Your Destination Guide to Seattle

Destination Guide Seattle - Your Destination Guide to Seattle, WA

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Capitol Hill

Capitol Hill
Capitol Hill

© CMLLovesDegus

Capitol Hill is the epicenter of Seattle’s counterculture—a community east of the downtown business district pulsing with artists and hipsters. It is the city’s most densely populated neighborhood, the center of LGBTQ culture, and known as the apex of the 1990s grunge scene.

The neighborhood was named in 1901 by James Moore, Seattle’s chief developer, but accounts differ on where the name originated. Some speculate that it was a ploy to move the state capital from Olympia to Seattle. Others insist that Moore named the area after Denver’s Capitol Hill- his wife’s hometown.

Volunteer Park sits at the neighborhood’s highest point, a 48-acre landmark with a water tower that affords a spectacular view of the city from its top. The park is home to the Seattle Asian Art Museum and a five-room tropical plant conservatory built in 1912. Gardens, miles of walking paths, and a reservoir are also among the park’s offerings.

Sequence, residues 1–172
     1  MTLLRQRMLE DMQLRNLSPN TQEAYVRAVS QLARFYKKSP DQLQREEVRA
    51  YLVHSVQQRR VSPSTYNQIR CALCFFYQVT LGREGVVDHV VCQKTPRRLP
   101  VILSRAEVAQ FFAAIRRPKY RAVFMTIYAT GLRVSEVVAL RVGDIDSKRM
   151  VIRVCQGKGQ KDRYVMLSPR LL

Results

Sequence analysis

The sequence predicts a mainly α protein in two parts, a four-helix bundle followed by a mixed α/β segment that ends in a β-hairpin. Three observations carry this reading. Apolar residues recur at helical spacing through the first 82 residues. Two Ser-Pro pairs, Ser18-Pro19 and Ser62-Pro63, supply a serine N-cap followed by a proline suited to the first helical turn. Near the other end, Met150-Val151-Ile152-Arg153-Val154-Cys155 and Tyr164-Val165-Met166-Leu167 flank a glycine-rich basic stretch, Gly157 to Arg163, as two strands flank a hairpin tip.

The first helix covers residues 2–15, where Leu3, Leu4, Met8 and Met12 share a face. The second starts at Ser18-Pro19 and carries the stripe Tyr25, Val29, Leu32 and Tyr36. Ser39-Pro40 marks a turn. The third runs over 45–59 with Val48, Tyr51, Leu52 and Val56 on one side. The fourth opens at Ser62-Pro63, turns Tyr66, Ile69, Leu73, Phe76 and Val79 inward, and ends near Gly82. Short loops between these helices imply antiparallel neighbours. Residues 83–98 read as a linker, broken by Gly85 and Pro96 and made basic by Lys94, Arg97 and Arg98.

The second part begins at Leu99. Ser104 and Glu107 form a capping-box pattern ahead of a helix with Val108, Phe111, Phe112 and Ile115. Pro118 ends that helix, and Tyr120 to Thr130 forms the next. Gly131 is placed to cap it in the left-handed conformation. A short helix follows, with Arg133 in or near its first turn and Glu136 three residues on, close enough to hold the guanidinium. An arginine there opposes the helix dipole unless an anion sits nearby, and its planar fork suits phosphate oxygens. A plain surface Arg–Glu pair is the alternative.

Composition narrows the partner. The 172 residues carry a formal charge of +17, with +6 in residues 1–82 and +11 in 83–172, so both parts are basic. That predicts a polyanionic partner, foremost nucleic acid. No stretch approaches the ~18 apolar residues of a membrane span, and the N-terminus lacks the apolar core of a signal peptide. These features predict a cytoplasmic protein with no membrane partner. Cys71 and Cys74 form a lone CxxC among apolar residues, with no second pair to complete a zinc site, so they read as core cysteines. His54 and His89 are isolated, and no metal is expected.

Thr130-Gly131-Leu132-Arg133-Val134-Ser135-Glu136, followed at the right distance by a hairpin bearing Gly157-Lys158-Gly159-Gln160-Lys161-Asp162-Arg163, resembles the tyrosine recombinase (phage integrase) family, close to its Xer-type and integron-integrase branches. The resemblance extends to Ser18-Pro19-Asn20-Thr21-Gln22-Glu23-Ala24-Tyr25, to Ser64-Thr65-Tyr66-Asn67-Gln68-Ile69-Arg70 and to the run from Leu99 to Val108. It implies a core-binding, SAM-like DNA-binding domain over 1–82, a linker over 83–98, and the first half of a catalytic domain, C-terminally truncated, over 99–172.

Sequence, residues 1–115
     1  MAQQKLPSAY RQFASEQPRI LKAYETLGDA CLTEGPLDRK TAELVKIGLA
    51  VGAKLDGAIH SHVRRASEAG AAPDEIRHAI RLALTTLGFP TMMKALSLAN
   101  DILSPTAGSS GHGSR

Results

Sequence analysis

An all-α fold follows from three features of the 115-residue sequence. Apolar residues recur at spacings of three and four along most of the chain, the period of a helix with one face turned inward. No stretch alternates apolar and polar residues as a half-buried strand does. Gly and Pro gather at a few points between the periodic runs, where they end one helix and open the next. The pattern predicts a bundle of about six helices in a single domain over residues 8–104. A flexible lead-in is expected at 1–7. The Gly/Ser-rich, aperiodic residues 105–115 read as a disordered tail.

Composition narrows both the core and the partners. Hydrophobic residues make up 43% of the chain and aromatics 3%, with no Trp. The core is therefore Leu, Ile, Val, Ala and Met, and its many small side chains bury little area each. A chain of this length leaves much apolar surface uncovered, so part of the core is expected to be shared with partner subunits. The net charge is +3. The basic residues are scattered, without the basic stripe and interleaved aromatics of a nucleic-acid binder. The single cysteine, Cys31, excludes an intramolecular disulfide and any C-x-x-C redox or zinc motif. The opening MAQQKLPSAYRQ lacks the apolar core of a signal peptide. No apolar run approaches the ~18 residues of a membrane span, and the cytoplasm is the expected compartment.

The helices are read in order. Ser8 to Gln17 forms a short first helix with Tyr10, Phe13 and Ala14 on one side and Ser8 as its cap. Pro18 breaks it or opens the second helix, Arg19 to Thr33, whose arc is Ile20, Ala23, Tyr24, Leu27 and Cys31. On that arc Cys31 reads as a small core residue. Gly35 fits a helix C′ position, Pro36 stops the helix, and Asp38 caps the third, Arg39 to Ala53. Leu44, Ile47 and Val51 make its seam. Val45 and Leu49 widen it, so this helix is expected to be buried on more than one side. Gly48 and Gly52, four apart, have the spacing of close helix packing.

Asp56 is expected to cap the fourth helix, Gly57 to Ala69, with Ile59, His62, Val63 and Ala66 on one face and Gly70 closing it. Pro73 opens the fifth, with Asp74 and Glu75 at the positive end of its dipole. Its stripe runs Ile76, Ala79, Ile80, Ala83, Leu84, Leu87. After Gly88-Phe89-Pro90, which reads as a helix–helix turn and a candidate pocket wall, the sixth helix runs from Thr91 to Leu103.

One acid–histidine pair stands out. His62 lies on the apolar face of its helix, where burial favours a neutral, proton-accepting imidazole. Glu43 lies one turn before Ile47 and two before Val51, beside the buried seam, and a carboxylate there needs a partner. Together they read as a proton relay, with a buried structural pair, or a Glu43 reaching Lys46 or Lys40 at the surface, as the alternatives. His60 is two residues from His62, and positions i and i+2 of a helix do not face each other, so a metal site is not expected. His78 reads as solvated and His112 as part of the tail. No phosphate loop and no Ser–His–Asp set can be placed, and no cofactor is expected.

Broadway, the main commercial thoroughfare, is jammed with retro eateries, coffee houses, bookstores, and bars hosting live music. Some of the city’s best-known movie theaters screen flicks from the Seattle Lesbian and Gay Film Festival and the Seattle International Film Festival, which is the largest of its kind in the country. The Seattle Fringe Festival, the first and oldest fringe festival in the United States, is held in 29 venues across Capitol Hill and features theatrical performances by groups from across the world. The Richard Hugo House, headquarters for writers-in-residence and literary workshops, supplements the area’s numerous dance studios by hosting frequent performing arts events.

The pride of the Seattle music scene is the neighborhood’s annual Capitol Hill Block Party, a three-day festival in late July that showcases over 60 music groups. In previous years, the festival has seen bands such as The Presidents of the United States of America, Sonic Youth, and Blue Scholars jamming for crowds. Apart from music, the festival hosts independent craft booths and raises money for local non-profit organizations like the Vera Project, an all-ages volunteer-run music and arts venue. The block party has been a yearly music staple of the city since 1997 and drew a record-breaking crowd of 27,000 in 2010.

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